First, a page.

The Friday Recliner ~ December 10th

The Friday Recliner

Happy weekending friends

Didn’t quite make it for Friday because sometimes what your really need to do is drink a cup of tea and go to bed.

Works just the same on a Saturday or Sunday so I’m here better late than never and because it’s one of my favourite things to do, I’ve rounded up a few good words and reads to keep you company as you enjoy your weekend.

So take a few deep breaths, grab something good to drink and enjoy  – – –

A Good Word

“What feels light?”

Is a kind question we can carry with us through December

Life hands us so many situations in which we don’t get to decide what feels light

So lets take the opportunity to make it light when we have the opportunity.

Kimberly Coyle

A Good Look

Simple rustic comfort from Dee Campling (and who says you can’t paint your lounge silver)

A Good Idea

from Mary Marantz

Do not hurry, do not rush, don’t try to force it…
There is no race. There are no medals for trying to fast-forward your life.

And most importantly… there is no REWIND button.
We’re MISSING it all in the name of getting to some finish line that doesn’t actually exist.

Slow down. Look around you. This right here IS you living the dream.

So today and every other day I am going to start throwing confetti.

Instead of looking at the clock.

I hope you will too

A Few Good Reads

A fun one


The Hallmark channel’s viewing statistics indicate that you are one of our most treasured movie customers this time of year. We really appreciate your business! However, due to some unfortunate incidents, our legal team would like you to agree to a few terms before viewing our movies this year.

By clicking “AGREE” below, you acknowledge the following:

  • Binge-watching movies not grounded in reality carries certain risks. These may include avoidance of work, household tasks, and the “Teach Yourself to Knit” video lying in your unopened mail pile.
  • You shouldn’t watch the same holiday movie more than 100 times per season. Even we here at Hallmark try to get out and do something else from time to time.
    – – – – keep reading

Every year on Thanksgiving, my children experience something I rarely did when I was growing up. They see their father, mother and siblings all gathered around a family meal with plenty of food to spare. It is so utterly normal to them that they do not even note it. Thanksgiving is just another day of warmth and security.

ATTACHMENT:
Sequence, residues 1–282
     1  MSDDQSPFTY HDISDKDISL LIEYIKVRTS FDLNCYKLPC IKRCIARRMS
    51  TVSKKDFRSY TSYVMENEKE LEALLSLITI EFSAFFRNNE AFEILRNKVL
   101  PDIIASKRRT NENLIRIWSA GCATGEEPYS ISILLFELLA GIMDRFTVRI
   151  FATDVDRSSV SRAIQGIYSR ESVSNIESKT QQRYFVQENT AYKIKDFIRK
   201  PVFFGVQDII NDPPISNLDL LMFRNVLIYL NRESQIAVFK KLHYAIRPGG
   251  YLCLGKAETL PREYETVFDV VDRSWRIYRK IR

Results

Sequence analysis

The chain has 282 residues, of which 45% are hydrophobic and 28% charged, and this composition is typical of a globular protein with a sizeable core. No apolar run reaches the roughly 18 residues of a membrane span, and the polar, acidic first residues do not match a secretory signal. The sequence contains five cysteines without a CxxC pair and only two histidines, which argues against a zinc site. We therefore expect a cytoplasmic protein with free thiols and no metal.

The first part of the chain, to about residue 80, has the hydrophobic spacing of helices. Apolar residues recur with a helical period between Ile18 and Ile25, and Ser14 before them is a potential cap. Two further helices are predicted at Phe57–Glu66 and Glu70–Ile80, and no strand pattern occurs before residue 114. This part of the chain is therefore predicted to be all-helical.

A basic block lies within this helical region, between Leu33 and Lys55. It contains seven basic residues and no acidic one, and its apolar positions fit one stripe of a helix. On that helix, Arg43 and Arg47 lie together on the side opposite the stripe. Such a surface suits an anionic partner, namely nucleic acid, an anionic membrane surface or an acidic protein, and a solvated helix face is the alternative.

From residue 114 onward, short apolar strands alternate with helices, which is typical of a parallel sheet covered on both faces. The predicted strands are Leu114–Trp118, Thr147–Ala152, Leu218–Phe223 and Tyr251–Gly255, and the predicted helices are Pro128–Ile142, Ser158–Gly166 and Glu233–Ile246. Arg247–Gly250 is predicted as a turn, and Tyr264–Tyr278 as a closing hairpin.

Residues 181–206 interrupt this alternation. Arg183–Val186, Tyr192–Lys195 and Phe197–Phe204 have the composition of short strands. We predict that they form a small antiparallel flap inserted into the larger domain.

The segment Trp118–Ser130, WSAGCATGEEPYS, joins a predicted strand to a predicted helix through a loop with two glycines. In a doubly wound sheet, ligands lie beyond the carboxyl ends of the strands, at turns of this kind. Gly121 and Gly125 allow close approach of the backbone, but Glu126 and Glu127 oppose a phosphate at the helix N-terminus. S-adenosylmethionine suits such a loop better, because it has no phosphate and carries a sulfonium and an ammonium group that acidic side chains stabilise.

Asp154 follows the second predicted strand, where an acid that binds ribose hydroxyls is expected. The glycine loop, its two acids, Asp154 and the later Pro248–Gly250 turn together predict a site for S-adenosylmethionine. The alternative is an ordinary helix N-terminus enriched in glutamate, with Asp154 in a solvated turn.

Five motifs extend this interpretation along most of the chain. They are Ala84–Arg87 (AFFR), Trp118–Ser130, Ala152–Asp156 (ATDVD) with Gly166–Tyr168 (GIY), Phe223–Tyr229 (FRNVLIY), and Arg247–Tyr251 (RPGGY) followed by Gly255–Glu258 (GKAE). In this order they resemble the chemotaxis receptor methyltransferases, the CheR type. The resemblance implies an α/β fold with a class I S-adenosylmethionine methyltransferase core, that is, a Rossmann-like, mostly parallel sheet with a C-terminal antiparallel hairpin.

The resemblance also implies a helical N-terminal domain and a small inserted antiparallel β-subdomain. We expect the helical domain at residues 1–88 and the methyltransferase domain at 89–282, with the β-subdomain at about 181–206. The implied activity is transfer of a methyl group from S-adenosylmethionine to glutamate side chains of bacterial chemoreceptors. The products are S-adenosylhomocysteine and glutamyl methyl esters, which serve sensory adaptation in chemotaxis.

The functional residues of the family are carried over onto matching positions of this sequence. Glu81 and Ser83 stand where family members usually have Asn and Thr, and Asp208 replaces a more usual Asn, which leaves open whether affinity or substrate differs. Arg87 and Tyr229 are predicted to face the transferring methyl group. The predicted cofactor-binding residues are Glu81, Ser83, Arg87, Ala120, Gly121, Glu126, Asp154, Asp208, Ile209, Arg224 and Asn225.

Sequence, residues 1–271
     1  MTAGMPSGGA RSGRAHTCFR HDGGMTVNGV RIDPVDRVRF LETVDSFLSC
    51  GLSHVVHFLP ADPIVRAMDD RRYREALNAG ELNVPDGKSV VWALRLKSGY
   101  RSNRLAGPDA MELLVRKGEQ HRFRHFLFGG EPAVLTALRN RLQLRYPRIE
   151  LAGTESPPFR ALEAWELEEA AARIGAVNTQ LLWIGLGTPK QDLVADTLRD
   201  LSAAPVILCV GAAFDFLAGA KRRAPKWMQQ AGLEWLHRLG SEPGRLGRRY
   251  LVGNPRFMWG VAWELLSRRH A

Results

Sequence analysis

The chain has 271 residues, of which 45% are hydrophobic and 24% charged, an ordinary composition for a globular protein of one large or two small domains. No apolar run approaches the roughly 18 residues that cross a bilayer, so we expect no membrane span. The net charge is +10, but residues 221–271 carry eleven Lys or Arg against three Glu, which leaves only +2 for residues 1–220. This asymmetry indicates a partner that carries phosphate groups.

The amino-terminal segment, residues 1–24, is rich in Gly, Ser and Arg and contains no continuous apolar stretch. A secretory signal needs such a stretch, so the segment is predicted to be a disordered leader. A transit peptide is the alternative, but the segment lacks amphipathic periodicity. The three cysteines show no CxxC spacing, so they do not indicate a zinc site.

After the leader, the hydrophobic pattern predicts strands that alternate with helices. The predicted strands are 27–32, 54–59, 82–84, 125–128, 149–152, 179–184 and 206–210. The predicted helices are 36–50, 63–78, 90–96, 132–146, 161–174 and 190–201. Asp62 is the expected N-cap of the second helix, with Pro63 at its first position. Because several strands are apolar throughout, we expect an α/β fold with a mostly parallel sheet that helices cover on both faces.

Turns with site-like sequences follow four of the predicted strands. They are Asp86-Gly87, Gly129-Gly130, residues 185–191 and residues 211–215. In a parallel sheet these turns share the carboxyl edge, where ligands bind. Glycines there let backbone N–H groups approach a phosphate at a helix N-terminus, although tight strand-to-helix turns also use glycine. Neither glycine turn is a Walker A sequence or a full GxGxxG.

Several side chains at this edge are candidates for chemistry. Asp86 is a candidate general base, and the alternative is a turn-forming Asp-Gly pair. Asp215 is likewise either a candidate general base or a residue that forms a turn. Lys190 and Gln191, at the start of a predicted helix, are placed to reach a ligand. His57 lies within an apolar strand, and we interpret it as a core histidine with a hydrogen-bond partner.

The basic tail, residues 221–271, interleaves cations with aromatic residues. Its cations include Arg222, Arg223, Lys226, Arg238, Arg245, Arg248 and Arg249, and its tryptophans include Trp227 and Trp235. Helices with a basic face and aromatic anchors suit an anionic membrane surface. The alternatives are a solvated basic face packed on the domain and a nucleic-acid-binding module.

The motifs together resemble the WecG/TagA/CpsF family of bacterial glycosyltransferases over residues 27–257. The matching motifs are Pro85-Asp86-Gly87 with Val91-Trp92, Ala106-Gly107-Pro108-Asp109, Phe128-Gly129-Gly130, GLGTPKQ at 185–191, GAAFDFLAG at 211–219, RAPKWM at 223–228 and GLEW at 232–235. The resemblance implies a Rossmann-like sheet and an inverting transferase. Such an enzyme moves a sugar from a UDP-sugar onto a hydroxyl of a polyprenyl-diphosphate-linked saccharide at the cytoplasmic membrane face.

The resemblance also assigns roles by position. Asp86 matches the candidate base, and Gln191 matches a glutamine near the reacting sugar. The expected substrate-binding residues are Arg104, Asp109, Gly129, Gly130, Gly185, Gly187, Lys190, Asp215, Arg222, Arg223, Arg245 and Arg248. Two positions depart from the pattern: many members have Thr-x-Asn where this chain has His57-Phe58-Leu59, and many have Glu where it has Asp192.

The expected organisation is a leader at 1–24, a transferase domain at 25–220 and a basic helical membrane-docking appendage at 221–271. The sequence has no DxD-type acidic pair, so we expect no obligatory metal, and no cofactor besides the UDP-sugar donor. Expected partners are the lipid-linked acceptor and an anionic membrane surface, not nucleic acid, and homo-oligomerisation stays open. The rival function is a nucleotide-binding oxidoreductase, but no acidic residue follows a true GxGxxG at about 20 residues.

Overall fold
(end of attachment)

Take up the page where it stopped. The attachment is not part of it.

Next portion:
I have many happy memories of the meals prepared by my single mother and my extended family during the holidays. I know well the debate between turkey and ham as the central dish. I was taught to recognize the difference between good and mediocre macaroni and cheese. I remember spades tournaments, games of dominoes and the rich tenor of Black male laughter. My family found happiness even when it was hard to come by.

The difference between my childhood Thanksgivings and those of my kids is the world that existed around the holiday. My mother was diagnosed with a brain tumor when I was in elementary school; she couldn’t work full time, so we lived mostly on government assistance. Our home was in Huntsville, Ala., some 100 miles northeast of Birmingham, the site of so many pivotal events of the civil rights movement. My little corner of the city, Northwest Huntsville, still bears the scars from redlining and the inadequate desegregation of its schools during the civil rights era.

Violence complicated school, parties and sporting events. As far back as I can remember, I’ve known how to look into a person’s eyes and tell the difference between someone who is willing to fight and someone who is comfortable with much worse

Keep reading – – –

How a “Do Nothing” Day Changed My Life

Doing nothing. The mere thought gives you a sudden twitch, right?

Me too, my friend, but despite the twitch, I would like to make a proposal: for one day out of each week, you do absolutely nothing. This doesn’t mean you don’t go anywhere, or just sit on your couch and stare at the wall. It means, simply, that you clear your calendar and make space for what could happen.

You remove any social obligations, you let projects sit idle, you turn off your notifications, and you simply take a day to just be.

Ever since my first daughter was born, I felt the pull toward a “do nothing” day. I went back to work part-time when she was only eleven weeks old, and when I spent time away from her, her demeanor and behavior was just different. – – – keep reading

That’s all for now friends. If you’ve enjoyed The Friday Recliner drop me a comment or copy the link and pass onto a friend.

Have a beautiful weekend, rest up, do something you love xx

Your turn. Share away

Fill in your details below or click an icon to log in: Logo

You are commenting using your account. Log Out /  Change )

Facebook photo

You are commenting using your Facebook account. Log Out /  Change )

Connecting to %s